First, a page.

How young we were!

Yes, not all that much older than the class. And a good English class it was too! There’s a present Professor from Royal Prince Alfred Hospital and U Sydney in the back row for starters…

Cronulla High 1968

Me in 1968 -- and I don't remember this being taken!

Thanks to Marilyn Markham (Berriman) Cronulla High Class of 68. I think that’s her end front row right.

9 thoughts on “How young we were!

  1. I forgot the gloves and hats we had to wear. I shall look for my Wiley Park Girls Photos. We were not allowed to speak to Belmore Boys ( not even to cousins or brothers ). Thank you for the memory nudge, Neil.

  2. A joke doing the rounds at the time at CHS was that if the Boss found two students screwing in the bushes he would check that the girl had her gloves and correct stockings and go on his way…

    Oh, and on close inspection I see there are TWO current RPAH Professors in the back row! Cousins.

    • That joke is spot on ! As Homer says, it’s funny ‘cos it’s true – well, almost. Who can forget the gloves, mandatory brown socks (white were a hanging offence), brown shoes, moulded beret, panama hat, those PE bloomers and stockings with SUSPENDERS! No wonder we were such outstanding students. It must have been the uniform code.

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  4. Reflections arising from high school days…

    Jeanne and I were in the Class of 1960 at Lismore High School. Of the 98 in the group, probably the one to wind up most successful financially dropped out of Arts I, drove a cab for 18 months*, got a job with W/worths introducing a new detergent line down the east coast of Oz; went off on spec to Taiwan where luck brought him to the notice of an American toy executive who told him to ring should he ever venture to The Big Apple. He made the call eventually, got a well paid job instantly and went on to spend many years as a senior executive (blame him for the Star Wars figurines for starters). He of the Class is the one who has a holiday home in the Bahamas, a wonderful new home beachside in a quiet part of Maui, his own airplane and a few other such pleasantries of life. He speaks fluent Mandarin due to his long business association with China. So yes… it is interesting to reflect on who did what and how. Our Class of 1960 is holding a reunion late this year.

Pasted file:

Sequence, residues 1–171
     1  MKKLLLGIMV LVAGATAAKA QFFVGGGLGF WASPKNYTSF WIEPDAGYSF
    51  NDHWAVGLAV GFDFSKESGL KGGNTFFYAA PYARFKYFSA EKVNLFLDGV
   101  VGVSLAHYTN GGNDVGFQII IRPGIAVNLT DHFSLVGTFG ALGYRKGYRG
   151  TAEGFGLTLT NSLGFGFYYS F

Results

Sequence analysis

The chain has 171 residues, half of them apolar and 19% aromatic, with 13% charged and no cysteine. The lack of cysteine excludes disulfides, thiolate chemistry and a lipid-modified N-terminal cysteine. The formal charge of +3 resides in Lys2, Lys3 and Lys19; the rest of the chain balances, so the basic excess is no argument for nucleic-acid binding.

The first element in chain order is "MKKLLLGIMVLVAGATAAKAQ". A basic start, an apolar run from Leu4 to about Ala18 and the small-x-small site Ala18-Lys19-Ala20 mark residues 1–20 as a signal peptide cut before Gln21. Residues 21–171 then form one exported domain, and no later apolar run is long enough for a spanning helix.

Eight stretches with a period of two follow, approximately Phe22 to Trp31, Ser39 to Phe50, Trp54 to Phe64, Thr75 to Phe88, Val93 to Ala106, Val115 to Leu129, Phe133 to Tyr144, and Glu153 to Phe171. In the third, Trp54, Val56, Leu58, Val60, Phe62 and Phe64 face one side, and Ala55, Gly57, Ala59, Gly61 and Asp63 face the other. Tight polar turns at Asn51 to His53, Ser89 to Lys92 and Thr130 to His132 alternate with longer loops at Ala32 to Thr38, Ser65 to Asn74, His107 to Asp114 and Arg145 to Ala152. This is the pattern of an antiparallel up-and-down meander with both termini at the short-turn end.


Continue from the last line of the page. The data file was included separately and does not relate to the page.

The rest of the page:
* Bill tells hilarious stories of his time in cabs, especially as he worked around the Cross. He once took a drunken bloke to the Gap. When the fellow declared his intention to jump, Bill said ‘Then give me your wallet’. ‘Why?’ asked the fellow. ‘Because you won’t need it where you’re going and I could do with the cash’, replied Bill. The man thought for a moment then asked to be driven back to the Cross.

    The working girls got to know Bill and often used his cab to go to some seedy nearby hotel. The girls would often tell him to wait with the meter running. ‘This won’t take long’, they would tell him and they would put the acid on the client afterward to give Bill a tip.

    A few of the drivers would meet for coffee around midnight at a venue at the Cross. One night a belligerent young man started to give aggro to Bill, to the point where Bill felt apprehension for his safety. At the critical point a loud voice boomed across the room. ‘Touch him and I’ll put a f****** bullet in you!’ said the voice. It belonged to one of Sydney’s top crime bosses who had recognised Bill from earlier visits and had taken a liking to him, knowing that Bill was a regular driver for his girls. The belligerent young man could not get out of there fast enough.

  5. Was the skewed gender ratio typical at that time for what I assume was a top-streamed English class?

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